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The Army in the West

“Though I had not desired the colored infantry . . . I have never regretted my service in that regiment.”
    —Charles J. Crane (Class of 1877), on his assignment to the 24th Infantry



After the Civil War, much of the army went to the West, stationed far from public view. The army’s chief task was mediating between the swelling flood of white settlers and the Native Americans whose livelihoods, ways of life, and lives themselves were threatened.

West Point provided most of the officers, with the rank and file recruited heavily from immigrants and African Americans. Hierarchy reigned in the frontier army. Officers did not mingle socially with their men, nor did their wives and children have much to do with enlisted families.

Garrisons were usually small, rarely more than a few companies, and they were widely scattered. Isolated, poorly paid, often inadequately housed, and very slow to win promotion, bachelor and married officers alike found life on frontier posts harsh, as did military wives and children. Duty was mostly routine, and disability or death were far more likely from disease than combat.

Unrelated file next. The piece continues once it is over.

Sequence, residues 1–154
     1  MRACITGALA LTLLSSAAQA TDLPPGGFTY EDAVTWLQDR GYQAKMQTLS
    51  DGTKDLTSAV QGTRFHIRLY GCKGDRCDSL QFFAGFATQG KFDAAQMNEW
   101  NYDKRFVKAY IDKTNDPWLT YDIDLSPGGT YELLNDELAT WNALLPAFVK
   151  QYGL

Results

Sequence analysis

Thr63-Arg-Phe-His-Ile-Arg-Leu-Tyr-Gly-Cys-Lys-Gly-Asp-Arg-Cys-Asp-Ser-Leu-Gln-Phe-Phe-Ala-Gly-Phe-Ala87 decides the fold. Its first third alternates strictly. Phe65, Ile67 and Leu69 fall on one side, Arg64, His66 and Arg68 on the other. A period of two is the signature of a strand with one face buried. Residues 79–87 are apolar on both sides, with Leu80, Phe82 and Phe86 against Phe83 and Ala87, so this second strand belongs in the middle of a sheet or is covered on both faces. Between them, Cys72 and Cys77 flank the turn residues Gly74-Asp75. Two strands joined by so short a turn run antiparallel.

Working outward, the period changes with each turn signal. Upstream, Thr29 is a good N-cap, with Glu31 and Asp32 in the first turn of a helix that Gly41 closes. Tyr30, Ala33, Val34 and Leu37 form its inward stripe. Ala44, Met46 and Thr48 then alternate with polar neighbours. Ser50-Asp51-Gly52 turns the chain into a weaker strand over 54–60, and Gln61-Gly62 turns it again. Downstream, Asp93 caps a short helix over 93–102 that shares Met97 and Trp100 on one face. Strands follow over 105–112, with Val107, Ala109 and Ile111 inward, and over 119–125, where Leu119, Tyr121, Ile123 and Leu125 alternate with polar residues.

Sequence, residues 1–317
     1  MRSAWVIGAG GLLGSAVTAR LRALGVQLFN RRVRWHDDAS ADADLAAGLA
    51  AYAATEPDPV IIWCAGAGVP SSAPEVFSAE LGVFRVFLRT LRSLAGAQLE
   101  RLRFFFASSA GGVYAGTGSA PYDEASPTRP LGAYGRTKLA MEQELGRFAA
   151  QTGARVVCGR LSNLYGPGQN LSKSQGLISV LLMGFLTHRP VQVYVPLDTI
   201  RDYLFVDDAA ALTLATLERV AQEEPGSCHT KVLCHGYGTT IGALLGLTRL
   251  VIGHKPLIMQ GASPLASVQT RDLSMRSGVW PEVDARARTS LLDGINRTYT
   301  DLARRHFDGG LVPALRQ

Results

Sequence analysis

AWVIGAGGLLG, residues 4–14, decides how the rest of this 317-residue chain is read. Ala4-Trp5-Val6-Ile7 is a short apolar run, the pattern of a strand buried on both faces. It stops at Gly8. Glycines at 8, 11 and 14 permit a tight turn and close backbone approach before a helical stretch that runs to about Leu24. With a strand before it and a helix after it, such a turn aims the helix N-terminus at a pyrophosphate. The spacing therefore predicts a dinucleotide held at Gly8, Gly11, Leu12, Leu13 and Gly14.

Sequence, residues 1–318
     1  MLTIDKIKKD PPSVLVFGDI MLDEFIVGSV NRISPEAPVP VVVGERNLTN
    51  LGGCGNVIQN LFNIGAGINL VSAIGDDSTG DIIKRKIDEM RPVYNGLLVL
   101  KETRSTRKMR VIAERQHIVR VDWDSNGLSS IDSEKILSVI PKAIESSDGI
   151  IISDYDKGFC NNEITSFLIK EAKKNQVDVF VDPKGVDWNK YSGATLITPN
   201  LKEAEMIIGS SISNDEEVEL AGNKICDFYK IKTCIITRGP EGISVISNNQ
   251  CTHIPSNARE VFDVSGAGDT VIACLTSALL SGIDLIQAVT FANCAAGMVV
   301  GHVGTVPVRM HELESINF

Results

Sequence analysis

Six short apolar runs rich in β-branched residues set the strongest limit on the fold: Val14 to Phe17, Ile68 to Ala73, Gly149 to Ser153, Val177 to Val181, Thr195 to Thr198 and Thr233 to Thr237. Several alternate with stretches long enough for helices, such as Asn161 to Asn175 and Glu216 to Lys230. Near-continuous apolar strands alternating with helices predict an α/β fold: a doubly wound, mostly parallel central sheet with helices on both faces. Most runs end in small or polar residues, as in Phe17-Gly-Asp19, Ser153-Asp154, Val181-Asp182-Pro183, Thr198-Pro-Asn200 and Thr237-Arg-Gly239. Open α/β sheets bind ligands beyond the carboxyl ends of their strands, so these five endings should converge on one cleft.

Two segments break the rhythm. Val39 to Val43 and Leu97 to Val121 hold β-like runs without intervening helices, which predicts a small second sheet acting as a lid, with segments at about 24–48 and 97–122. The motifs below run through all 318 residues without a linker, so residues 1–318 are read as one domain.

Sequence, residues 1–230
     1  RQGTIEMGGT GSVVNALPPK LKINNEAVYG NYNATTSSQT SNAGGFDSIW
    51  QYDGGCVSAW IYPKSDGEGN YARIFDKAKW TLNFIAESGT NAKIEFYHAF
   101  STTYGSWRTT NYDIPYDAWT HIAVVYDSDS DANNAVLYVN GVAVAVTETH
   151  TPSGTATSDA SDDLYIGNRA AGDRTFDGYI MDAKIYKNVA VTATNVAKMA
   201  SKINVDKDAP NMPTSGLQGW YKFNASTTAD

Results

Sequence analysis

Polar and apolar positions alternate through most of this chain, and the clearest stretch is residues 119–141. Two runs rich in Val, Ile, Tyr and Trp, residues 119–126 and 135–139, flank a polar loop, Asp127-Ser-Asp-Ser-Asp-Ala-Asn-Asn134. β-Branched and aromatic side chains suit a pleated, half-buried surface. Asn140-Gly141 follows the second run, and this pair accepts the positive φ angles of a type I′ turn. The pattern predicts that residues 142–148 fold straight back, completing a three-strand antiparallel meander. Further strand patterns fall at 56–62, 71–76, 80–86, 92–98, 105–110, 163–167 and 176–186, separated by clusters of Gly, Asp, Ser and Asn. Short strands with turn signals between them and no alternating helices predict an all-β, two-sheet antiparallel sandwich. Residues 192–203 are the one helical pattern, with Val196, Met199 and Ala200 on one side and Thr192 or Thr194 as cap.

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George Armstrong Custer




Key Figures






Libbie Custer and the Legend of Geore Armstrong Custer
George Armstrong Custer
1839–1876
Class of 1861



Fayette Washington Roe
Fayette Washington Roe
1802–1871
Class of 1824



Ranald Slidell Mackenzie
Ranald Slidell Mackenzie
1840–1889
Class of 1862



Henry Ossian Flipper
Henry Ossian Flipper
1856–1940
Class of 1877



George Crook
George Crook
1829–1890
Class of 1852





Smithsonian National Museum of American History


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West Point in History Introduction 1802–1860 1861–1870 1866–1914 1914–1918 Epilogue Introduction 1802–1860 1861–1870 1866–1914 1914–1918 Epilogue The Army in the West Wars for Empire Monumental Projects